others related in death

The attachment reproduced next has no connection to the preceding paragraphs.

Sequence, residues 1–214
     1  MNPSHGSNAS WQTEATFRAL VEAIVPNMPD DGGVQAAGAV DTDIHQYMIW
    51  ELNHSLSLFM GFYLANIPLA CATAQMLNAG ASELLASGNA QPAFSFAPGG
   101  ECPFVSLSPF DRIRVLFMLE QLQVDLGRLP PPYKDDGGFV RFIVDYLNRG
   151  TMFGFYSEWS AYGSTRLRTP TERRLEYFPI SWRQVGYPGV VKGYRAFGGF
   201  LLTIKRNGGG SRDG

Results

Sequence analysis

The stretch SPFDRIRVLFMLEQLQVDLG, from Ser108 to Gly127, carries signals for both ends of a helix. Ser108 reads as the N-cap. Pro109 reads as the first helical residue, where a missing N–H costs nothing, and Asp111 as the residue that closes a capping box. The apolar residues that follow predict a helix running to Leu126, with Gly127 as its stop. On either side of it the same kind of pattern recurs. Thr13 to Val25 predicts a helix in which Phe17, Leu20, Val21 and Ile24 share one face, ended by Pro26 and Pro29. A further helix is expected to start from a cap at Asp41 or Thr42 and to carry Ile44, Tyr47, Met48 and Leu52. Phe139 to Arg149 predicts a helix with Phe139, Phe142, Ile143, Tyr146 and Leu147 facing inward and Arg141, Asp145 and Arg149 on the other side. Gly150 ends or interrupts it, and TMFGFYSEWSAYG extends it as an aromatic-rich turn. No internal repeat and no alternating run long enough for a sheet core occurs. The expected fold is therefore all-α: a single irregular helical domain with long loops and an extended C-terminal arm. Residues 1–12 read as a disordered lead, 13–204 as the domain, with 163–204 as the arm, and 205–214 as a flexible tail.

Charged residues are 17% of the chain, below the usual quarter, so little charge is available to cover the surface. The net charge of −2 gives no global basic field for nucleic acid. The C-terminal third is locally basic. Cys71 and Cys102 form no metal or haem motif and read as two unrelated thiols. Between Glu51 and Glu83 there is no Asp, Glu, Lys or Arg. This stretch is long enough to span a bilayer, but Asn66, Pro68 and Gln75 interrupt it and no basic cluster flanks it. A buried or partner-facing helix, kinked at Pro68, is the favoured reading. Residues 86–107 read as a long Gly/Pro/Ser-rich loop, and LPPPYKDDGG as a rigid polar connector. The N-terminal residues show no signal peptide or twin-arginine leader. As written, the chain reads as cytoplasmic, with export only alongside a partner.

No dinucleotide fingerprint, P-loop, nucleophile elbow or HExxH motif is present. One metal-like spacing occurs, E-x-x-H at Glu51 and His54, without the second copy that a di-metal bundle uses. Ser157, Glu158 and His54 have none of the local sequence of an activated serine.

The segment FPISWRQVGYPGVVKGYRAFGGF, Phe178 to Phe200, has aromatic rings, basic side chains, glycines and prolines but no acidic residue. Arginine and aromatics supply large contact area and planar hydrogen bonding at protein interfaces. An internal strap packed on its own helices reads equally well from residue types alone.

WIĘCKOWSKIClick to display biography Anthony, ARENDZIKOWSKIClick to display biography Adam, BARTUZIClick to display biography Thaddeus, BIAŁYClick to display biography Vladislav, BŁOŃSKIClick to display biography Vladimir, BROMIRSKIClick to display biography Vladislav, BROSZKIEWICZClick to display biography Alexander, CABANClick to display biography Steven, CIBOROWSKIClick to display biography Thaddeus, DMOCHOWSKIClick to display biography Peter Julian, GIERGIELEWICZClick to display biography Francis, GLINKAClick to display biography Francis (Bro. Anthony), GOSZCZYŃSKIClick to display biography Adam Lucian, JAWORSKIClick to display biography Stanislaus, KACZOROWSKIClick to display biography Michael, KALISZKAClick to display biography Thaddeus, KLENIEWSKIClick to display biography Eugene Paul, KLIMKIEWICZClick to display biography Francis, KŁAPKOWSKIClick to display biography Vladislav, KOBYLIŃSKIClick to display biography Stanislaus, KOLATORClick to display biography Bronislaus, KOPERClick to display biography Bronislaus, KOWALSKAClick to display biography Mieczyslava (Sr Mary Therese of Baby Jesus), KOZŁOWSKIClick to display biography John, KROGULECKIClick to display biography John, KRYSIAKClick to display biography Andrew, KRZEMIŃSKIClick to display biography John, KURACHClick to display biography Anthony, KURDZIELClick to display biography John, KUŚMIERCZYKClick to display biography Anthony, LATARSKIClick to display biography Joseph, ŁADAClick to display biography Alexander, ŁUCZECZKOClick to display biography Emil, ŁUKASZEWICZClick to display biography Louis, MALINOWSKIClick to display biography Stanislaus, MIASTKOWSKIClick to display biography Anthony, MICHALAKClick to display biography Joseph, MODZELEWSKIClick to display biography Adolph, MOLAKClick to display biography Joseph Stanislaus, MORAWSKIClick to display biography Michael, MOSSAKOWSKIClick to display biography Leo, NASIŁOWSKIClick to display biography Stanislaus, NOWOWIEJSKIClick to display biography Anthony Julian, OGRODOWICZClick to display biography Joseph, PAWLAKClick to display biography Anthony, PŁYWACZYKClick to display biography Adalbert, PRZYGÓDZKIClick to display biography Julian, RAMOTOWSKIClick to display biography Vladislav, ROESLERClick to display biography Alexander, ROGALSKIClick to display biography Ceslaus, ROSZKOWSKIClick to display biography Ceslaus, ROŚCISZEWSKIClick to display biography Joseph, RUSZKOWSKIClick to display biography Francis, SALWOWSKIClick to display biography Joseph, SKARŻYŃSKIClick to display biography Boleslaus, SKIERKOWSKIClick to display biography Vladislav, SOBOCIŃSKIClick to display biography Joseph, STEFAŃCZYKClick to display biography Faustinus, STĘPKOWSKIClick to display biography Stanislaus, STROJNOWSKIClick to display biography Joseph, SZCZEPAŃSKIClick to display biography John Casimir, SZYDŁOWSKIClick to display biography John, SZYMCZYKClick to display biography Joseph, TROJAŃCZYKClick to display biography Peter Alexander, WALCZAKClick to display biography Anthony, WETMAŃSKIClick to display biography Leo, WILKOWSKIClick to display biography Adam, WILOCHClick to display biography John Louis, WIŚNIEWSKIClick to display biography Eugene, ZALESKIClick to display biography Adam, ZALEWSKIClick to display biography Julian, ZAREMBAClick to display biography John, ZAWADZKIClick to display biography Adam, ZAWIDZKIClick to display biography John, ŻOŁĘDZIOWSKIClick to display biography Casimir